Let $V$ be a finite dimensional vector space with an inner product $\langle\;,\,\rangle$. I have to prove that any other inner product $\langle\;,\,\rangle'$ in V can be expressed as $\langle u,v\rangle'=\langle T(u),v\rangle$ where $T$ is a positve definite linear operator in $V$.

All I was able to prove is that $\langle u,v\rangle'=\langle T(u),v\rangle$ is in fact an inner product, but don't know where to start with the rest.

Thanks in advance.


Hint: let $\{e_i\}$ be the standard basis. What is $<Te_i,e_j>$ in terms of the entries of $T$?

  • $\begingroup$ $<T(e_i),e_j>=<a_1e_1+....+a_ne_n,e_j>=a_j$. But I don't know what to do next... $\endgroup$
    – Cath
    Oct 24 '13 at 21:13
  • $\begingroup$ Not quite - $Te_i = (t_{1i},t_{2i},\dots,t_{ni})^T$ i.e. the $i$th column of $T$. If you now take the inner product with $e_j$ you get the $t_{ji}$ entry of $T$. (sorry, I should have reversed the order of these to make it more natural). Anyway, now you can work backward. If there is such a matrix $T$, then you need $<Te_i,e_j> = <e_i,e_j>'$, so computing $<e_i,e_j>'$ tells you what the entries of $T$ should be. Now you just have to prove that $<Tu,v> = <u,v>'$ for arbitrary $u,v$ (expand them in a basis and use linearity), and show $T$ is positive definite. $\endgroup$
    – BaronVT
    Oct 24 '13 at 21:27

$V$ ($n$ dimensional) is Hilbert space because is isomorphic to $\Bbb R^n$ which is complete.

It's all about sesquilinear forms.By sesquilinear map we mean a map $φ$:$V*V->\Bbb C$ with properties: 1)The map is linear to the first variable,the map $x->φ(x,y):V->\Bbb C$ is linear. 2)The map is antilinear to the second variable,the map $x->\overline φ(x,y):V->\Bbb C$ is linear.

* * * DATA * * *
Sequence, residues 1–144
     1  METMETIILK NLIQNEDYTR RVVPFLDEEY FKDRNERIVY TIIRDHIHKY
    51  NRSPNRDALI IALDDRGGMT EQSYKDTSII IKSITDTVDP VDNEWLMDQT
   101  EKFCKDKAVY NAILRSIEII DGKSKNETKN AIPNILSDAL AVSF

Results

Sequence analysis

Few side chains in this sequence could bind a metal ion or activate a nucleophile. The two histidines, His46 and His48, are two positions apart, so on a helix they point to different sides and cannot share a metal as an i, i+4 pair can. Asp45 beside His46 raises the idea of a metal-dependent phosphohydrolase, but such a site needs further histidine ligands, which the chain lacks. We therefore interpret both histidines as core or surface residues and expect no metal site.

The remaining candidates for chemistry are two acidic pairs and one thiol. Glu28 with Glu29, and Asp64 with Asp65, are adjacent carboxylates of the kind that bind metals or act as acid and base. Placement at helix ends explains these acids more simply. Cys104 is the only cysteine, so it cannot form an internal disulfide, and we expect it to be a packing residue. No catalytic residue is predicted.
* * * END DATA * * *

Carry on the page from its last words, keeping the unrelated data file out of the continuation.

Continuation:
The inner product is a sesquilinear form from it's properties.

Because $V$ is finite every linear functional(especially every sesquilinear form) is bounded.

We now say that every sesquilinear form $φ$:$V*V->\Bbb C$ defines a unique bounded operator$T \in B(V)$ from the relation $φ(x,y)=<Tx,y>$ for every $x,y \in V$.

Proof: Let $x \in V$. Also let $f_x:V-> \Bbb C:y-> \overline φ(x,y)$.

The properties 1),2) of $φ$ show that $f_x$ is linear and bounded because $φ$ is bounded.

Because $V$ is Hilbert space,we can apply Riesz theorem that shows that exists a unique $z_x \in V$:$f_x(y)=<y,z_x>$ for every $y \in V$ and thus $<z_x,y>=\overline f_x(y)=φ(x,y)$ for every $y \in V$. The $z_x$ is unique because the relation stands for every $y \in V$.

Thus the map $T:x->z_x$ is well defined and we have that $<Tx,y>=φ(x,y)$ for every $x,y \in V$.

You can easily see that $T$ is linear and bounded and that $\lVert T\rVert=\Vert φ\rVert$.

Now if we consider $φ$ as the inner product we have that $T$ is positive because $<Tx,x>=<x,x>=\lVert x\rVert^2 >=0$

  • $\begingroup$ @Cath, check my proof please. thank you $\endgroup$
    – Haha
    Nov 24 '13 at 12:38

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